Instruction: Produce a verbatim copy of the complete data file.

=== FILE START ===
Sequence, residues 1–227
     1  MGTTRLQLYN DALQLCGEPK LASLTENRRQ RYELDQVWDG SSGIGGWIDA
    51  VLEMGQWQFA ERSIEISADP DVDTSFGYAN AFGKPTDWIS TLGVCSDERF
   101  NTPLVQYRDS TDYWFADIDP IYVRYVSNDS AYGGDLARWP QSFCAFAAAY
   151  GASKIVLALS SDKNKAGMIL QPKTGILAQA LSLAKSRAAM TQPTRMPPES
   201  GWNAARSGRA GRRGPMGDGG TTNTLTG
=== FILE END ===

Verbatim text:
Sequence, residues 1–227
     1  MGTTRLQLYN DALQLCGEPK LASLTENRRQ RYELDQVWDG SSGIGGWIDA
    51  VLEMGQWQFA ERSIEISADP DVDTSFGYAN AFGKPTDWIS TLGVCSDERF
   101  NTPLVQYRDS TDYWFADIDP IYVRYVSNDS AYGGDLARWP QSFCAFAAAY
   151  GASKIVLALS SDKNKAGMIL QPKTGILAQA LSLAKSRAAM TQPTRMPPES
   201  GWNAARSGRA GRRGPMGDGG TTNTLTG